There have been an increasing number of news articles on the topic of gluten free food on prescription recently and (understandably) it’s one that coeliacs have a lot to say about. For those who aren’t aware, at present in most parts of the UK diagnosed coeliacs are entitled to get some basic gluten free food on prescription from the NHS. The only treatment for coeliac disease at the moment is to follow a strict gluten free diet so some coeliacs can get some staples such as flour and bread on prescription (despite what some articles say, this wouldn’t usually entitle people to biscuits, cakes or other luxury items). Unless you’re entitled to free prescriptions you have to pay for your prescriptions; most who choose to have gluten free food on prescription use the prepayment certificate option.
As budgets are tightened, local CCGs are having to make difficult decisions about how to save money, and one of the things some of them are looking at is reducing or stopping gluten free food on prescription for those with coeliac disease. My local areas is currently reviewing their policy on providing gluten free prescriptions. The briefing document on gluten free prescribing in Stoke on Trent and North Staffordshire outlines the costs and options available. The options are to continue as present; stop the prescriptions; or provide limited prescriptions.
I used to use the gluten free prescription service. When I was first diagnosed with coeliac disease I was introduced to some brands who are only available on prescription and my GP added a few of these items to a repeat prescription. I decided to get a prepayment certificate so I paid just over £10/month and for that I was entitled to a certain number of units of gluten free staples. I used to order through the electronic repeat prescription scheme so I would submit the repeat prescription online (via a mobile app) and once it had been approved by my doctor I would call the local pharmacy who would order items (and in my case deliver to my door when it was ready – though I don’t think this is common everywhere!). Many of the items on prescription you can only order in bulk and as we only had a small freezer compartment much of this space was dedicated to bread! I used to order probably on average about once every three months and would order bread (either sliced loaves or rolls), crackers, and multipurpose gluten free flour. Once I was more used to the gluten free diet and items became more readily available in supermarkets I decided to stop my prescription as I’m fortunate that my local stores have what I need and I can afford to buy them (gluten free alternatives are often a much higher price).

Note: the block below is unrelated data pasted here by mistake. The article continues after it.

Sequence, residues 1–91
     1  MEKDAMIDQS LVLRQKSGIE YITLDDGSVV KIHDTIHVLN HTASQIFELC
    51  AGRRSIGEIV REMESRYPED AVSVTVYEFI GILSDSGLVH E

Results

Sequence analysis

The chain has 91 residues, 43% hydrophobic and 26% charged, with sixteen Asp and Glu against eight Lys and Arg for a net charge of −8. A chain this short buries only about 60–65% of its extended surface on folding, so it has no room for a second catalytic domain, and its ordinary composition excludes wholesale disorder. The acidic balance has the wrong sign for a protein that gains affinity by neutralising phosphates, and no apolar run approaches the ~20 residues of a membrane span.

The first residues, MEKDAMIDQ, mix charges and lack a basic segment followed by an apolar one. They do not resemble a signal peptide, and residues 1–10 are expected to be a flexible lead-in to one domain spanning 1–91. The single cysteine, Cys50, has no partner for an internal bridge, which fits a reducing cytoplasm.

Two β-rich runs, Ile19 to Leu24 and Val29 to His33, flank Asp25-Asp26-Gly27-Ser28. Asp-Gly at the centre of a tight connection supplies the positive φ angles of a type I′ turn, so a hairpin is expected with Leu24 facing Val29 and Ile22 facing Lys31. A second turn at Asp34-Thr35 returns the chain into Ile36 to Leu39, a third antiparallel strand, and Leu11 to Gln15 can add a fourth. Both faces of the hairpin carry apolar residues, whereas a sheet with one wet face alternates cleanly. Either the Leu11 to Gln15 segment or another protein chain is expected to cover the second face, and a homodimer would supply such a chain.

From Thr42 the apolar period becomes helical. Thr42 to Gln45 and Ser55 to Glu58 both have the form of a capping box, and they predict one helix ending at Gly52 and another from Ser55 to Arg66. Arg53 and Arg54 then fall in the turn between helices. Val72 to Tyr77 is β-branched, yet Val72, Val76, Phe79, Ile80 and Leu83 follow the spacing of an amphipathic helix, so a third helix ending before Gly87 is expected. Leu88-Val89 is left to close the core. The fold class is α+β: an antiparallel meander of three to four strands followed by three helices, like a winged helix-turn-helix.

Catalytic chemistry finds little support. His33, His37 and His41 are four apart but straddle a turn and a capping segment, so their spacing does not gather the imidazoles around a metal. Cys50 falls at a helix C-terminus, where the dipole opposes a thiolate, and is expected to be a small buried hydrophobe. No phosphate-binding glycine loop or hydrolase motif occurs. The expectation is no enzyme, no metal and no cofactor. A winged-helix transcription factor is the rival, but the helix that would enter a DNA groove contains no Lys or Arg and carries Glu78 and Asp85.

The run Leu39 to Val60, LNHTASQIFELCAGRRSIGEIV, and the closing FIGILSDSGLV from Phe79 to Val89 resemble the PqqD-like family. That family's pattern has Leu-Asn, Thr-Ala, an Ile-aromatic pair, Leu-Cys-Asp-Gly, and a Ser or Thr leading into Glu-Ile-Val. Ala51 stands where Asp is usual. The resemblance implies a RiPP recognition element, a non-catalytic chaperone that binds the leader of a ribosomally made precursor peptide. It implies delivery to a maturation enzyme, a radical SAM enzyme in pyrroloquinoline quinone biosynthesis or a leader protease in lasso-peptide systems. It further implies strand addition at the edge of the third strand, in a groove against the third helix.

Although I don’t currently use the NHS gluten free prescription service, I would be very sad to see it stop. It was incredibly helpful for me when I was first diagnosed, and I know it would be beneficial if my circumstances were different (e.g. if I didn’t live near stores that had a good selection of good quality gluten free food, or if I couldn’t afford to buy gluten free versions).
If the prescriptions are stopped, some coeliacs may choose to continue to eat gluten (it can be difficult and expensive to follow a gluten free diet). If coeliacs continue to eat gluten, they are at much higher risk of many other medical conditions such as anaemia, osteoporosis, infertility, and cancers. I don’t have figures, but I believe the potential cost to the NHS if coeliacs don’t stick to a gluten free diet would be much higher than the costs involved in helping them follow a gluten free diet. There are other ways to support coeliacs (e.g. educating coeliacs to help them follow a gluten free diet and working with organisations such as Coeliac UK to improve the situation regarding labelling and availability of gluten free food), so this may be one way to reduce the future strain on NHS, though it is likely to involve a lot of work (and therefore cost).
I would welcome the CCGs considering other options such as voucher schemes which are being trialled in some areas where NHS provide vouchers which can be used in local stores to help towards the cost of gluten free food. This way the market is encouraged to provide gluten free food in stores, and those who *need* to follow a gluten free diet but may struggle financially are supported to enable them to follow the diet.
I attended a local coeliac meeting which was attended by representatives of the CCG as part of the consultation, and I also completed the online survey (both time I encouraged the CCG to look into alternative options). According to the CCG website they received over 300 responses to the survey (which I don’t think is that great to be honest!) and have developed a recommendation for consideration at the next public Governing Board meeting. Based on what has happened in other areas, I imagine the prescriptions will be stopped, though I hope this isn’t the case. I was pleased to have been able to be part of the consultation and look forward to hearing what the outcome will be.
Does your local area provide gluten free food on prescription? Do you use the service? Do you think NHS should provide gluten free prescriptions?